BCC’s Trade Confidence Outlook sees no improvement in Q3 of 2023 as half of all SME exporters (49%) saw no change in overseas sales, and a quarter (25%) reported a decrease.
Just over a quarter of exporting SME businesses (26%) saw their overseas sales increase in the quarter.
It is almost five years (Q4 2018) since the proportion of businesses reporting increased sales was higher than 30%.
The Trade Confidence Outlook, conducted by the BCC’s Insights Unit, is a survey of more than 2,000 UK SME exporters. It has revealed exports continue to languish for many of these businesses as the global economy remains under pressure.
The UK’s picture on exports has been broadly static since the pandemic, with the number of SMEs reporting decreased sales now regularly 10 percentage points higher than in 2017/18.
The proportion of all businesses surveyed reporting decreased sales began to worsen in the run up to Brexit and has remained stubbornly higher ever since.
The situation is most volatile for SME manufacturers, with 28% reporting a decrease in exports, 27% an increase, and 45% no change.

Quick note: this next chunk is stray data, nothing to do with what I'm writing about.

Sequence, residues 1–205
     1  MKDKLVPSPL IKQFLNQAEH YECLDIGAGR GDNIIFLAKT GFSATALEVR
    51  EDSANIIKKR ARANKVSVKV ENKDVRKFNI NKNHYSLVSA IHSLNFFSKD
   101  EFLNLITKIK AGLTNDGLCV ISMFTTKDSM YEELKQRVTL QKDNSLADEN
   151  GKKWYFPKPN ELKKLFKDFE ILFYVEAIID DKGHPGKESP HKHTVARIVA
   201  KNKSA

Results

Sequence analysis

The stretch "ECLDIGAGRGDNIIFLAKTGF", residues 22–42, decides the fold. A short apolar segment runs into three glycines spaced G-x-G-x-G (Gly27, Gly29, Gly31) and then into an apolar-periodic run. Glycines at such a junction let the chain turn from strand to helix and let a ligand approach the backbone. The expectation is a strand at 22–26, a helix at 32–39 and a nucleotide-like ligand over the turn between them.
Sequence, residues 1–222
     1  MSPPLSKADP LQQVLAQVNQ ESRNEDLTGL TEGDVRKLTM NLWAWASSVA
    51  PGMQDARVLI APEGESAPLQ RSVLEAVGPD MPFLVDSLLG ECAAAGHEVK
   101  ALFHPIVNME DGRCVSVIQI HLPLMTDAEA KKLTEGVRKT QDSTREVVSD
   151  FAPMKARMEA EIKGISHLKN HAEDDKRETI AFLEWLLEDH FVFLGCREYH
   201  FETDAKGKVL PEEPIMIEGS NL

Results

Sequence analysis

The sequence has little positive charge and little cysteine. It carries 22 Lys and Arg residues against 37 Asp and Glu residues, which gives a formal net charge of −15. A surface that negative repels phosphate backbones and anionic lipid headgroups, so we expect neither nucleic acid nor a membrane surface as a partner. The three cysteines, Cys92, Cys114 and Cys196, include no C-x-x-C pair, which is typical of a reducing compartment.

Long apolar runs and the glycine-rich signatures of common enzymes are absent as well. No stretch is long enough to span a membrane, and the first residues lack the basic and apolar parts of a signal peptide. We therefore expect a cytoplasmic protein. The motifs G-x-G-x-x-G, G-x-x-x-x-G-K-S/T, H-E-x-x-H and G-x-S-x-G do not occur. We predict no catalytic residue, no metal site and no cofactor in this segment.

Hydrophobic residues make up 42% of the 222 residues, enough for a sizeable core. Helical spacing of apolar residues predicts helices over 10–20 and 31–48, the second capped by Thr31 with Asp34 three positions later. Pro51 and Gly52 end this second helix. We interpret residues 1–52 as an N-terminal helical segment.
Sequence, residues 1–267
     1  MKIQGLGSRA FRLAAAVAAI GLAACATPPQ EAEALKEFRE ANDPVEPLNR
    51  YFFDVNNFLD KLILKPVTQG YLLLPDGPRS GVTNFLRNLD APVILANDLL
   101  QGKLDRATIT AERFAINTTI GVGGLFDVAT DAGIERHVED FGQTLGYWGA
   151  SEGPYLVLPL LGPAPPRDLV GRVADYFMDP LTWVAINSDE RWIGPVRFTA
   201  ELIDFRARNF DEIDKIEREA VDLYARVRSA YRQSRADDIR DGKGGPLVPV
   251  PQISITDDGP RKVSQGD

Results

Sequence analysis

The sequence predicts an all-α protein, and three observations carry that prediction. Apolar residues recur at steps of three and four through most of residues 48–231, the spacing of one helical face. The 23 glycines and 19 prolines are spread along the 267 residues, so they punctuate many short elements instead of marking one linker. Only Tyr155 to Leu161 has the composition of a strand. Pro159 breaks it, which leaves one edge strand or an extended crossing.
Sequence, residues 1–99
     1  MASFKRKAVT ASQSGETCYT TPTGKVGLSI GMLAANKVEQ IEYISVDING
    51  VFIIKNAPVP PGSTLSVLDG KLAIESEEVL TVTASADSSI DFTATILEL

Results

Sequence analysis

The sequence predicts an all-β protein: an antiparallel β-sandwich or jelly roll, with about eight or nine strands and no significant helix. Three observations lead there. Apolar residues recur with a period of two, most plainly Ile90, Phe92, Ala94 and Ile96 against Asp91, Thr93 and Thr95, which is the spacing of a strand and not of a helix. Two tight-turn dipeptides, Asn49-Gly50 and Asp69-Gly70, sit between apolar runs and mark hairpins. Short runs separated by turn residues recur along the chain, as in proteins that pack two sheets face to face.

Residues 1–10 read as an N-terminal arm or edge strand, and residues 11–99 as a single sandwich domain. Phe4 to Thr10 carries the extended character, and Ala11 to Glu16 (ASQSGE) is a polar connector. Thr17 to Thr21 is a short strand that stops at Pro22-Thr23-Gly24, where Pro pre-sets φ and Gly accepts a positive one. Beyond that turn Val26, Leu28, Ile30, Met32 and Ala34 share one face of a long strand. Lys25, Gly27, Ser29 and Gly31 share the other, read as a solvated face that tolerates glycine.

This compares to SME services exporters where 23% saw a decrease, 26% an increase and 51% remained constant.
“The fact that UK exports have remained constant since the pandemic is cause for concern. For businesses in the UK to thrive and for the UK to remain one of the world’s leading economies, we need to sell more goods and services internationally.
Over the past few years, various factors such as the pandemic, supply chain disruptions, Brexit and global economic headwinds have made exporting more difficult for businesses.
To address these challenges, we must leverage our strengths as an exporter. Here in Cumbria we have world-leading engineering businesses who export manufactured goods internationally. Like the rest of the UK we also have a strong services sector, whose expertise is in demand around the world, as well as a thriving food & drink sector, tourism, the list goes on…
Collaboration between businesses and the government is essential to establish a framework that capitalises on these advantages, ensuring the UK’s continued presence at the global economic table while facilitating incentives for our exports abroad.
Lastly, we must look at ways of improving our trade relations with the EU. Many businesses have voiced frustrations regarding the complexity and costs associated with trading with the EU, surpassing those encountered elsewhere.”